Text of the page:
Schwarzer is one of Boro’s all time great keepers. Bernie Slaven ranks him just behind Steve Pears but that is just sentimental talk. Pearsy (and Mr Slaven) played only two seasons in the top flight and both times the team were relegated. Schwarzer has played all but one of his ten seasons at the highest levels, has played in Europe and has featured in four major finals. The Aussie is the better keeper by all rational measures.
And certainly for the ÃÂ£1.25m Boro paid Bradford in February 1997 he must be one of Boro’s all time value for money buys. Bernie is probably top of that table (147 goals for ÃÂ£25,000 is VFM in anyone’s language) but the Aussie can’t be far behind. He has played 394 games for the club after a transfer that is barely half of the agents fees involved in the Yakubu deal.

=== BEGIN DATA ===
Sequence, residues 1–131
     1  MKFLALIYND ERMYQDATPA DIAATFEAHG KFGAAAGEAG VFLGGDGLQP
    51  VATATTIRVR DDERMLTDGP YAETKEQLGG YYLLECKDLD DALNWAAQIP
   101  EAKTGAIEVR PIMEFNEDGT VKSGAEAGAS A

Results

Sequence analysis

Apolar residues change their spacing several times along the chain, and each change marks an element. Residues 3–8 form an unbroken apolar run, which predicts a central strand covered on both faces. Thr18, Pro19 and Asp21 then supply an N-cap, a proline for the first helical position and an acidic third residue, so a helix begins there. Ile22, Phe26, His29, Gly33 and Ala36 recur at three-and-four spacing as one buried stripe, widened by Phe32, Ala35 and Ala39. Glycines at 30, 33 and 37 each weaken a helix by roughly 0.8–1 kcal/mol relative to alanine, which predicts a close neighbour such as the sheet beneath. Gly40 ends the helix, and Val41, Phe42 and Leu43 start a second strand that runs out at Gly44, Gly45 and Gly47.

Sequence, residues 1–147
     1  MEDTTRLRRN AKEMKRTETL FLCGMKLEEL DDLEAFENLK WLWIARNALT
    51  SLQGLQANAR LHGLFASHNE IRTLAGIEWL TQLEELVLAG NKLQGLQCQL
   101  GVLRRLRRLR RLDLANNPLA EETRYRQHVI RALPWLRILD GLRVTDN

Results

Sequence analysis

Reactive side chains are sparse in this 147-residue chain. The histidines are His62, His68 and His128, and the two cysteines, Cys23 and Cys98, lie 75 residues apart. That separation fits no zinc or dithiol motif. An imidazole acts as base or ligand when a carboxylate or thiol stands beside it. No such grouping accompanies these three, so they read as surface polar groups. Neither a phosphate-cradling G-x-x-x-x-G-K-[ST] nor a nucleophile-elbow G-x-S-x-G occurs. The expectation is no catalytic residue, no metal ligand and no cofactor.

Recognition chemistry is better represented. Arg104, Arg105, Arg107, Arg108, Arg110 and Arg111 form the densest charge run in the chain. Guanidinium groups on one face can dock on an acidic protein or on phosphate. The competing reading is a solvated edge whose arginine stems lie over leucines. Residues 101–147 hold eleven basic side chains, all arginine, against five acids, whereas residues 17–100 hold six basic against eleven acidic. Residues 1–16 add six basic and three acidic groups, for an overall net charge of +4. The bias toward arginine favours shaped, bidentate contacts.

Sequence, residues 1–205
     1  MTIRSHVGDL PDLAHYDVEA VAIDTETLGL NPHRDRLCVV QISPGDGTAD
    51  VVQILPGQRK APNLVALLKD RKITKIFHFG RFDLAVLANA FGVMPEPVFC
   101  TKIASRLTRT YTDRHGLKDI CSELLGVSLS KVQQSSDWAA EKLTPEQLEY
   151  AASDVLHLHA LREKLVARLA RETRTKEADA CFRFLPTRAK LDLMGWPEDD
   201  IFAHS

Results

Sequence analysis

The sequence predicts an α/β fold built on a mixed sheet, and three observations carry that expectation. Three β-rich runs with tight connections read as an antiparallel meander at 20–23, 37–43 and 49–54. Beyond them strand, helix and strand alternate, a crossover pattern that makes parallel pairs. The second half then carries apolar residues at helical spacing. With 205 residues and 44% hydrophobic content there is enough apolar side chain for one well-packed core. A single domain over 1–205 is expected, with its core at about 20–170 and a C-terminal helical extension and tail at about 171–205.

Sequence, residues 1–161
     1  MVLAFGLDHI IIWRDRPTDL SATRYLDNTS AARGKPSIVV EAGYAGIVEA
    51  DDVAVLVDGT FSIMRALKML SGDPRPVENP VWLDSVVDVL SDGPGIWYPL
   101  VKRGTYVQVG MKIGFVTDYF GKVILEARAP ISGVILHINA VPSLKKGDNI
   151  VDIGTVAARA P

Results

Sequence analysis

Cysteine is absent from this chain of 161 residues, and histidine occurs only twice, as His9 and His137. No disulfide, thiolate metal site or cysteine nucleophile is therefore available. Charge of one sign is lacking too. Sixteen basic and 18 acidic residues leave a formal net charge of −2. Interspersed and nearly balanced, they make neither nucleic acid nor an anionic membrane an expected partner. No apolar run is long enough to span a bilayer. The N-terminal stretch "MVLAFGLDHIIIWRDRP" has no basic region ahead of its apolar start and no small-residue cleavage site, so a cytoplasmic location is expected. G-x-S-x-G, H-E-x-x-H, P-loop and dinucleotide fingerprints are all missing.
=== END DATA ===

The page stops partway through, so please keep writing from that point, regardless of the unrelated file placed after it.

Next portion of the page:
He is probably Boro’s best ever foreign signing too (unless you count Bernie again). Juninho has his legions of believers but flattered to deceive and in three spells in truth only really hit the heights for one six month spell while Ravanelli and Emerson were just flash in the pan, one season wonders. Luca Festa gave value, as did Franck Queudrue and George Boateng continue to do so. Zenden, Viduka and Yakubu have all proved great creative forces but have had frustrating spells where they got some stick. None can claim the longevity, the consistency, the indespensibility or the ability to win games under pressure like Schwarzer.
He made his debut ten years ago today in the Coca-Cola Cup semi-final first leg away at Stockport and was hugely impressive ina 2-0 win. He was a giant who came out and skittled peopel aside to collected balls into the box and after the nervous years of Miller. Walsh and Roberts it was a revelation. That day he played behind a defence of Cox, Fleming, Stamp and Pearson. Since then he has seen a lot of far better players come and go.
In a the modern age when players rarely see out even their first contract Schwarzer has completed a decade and is still the first name on the teamsheet. It is an achievement that deserves celebration.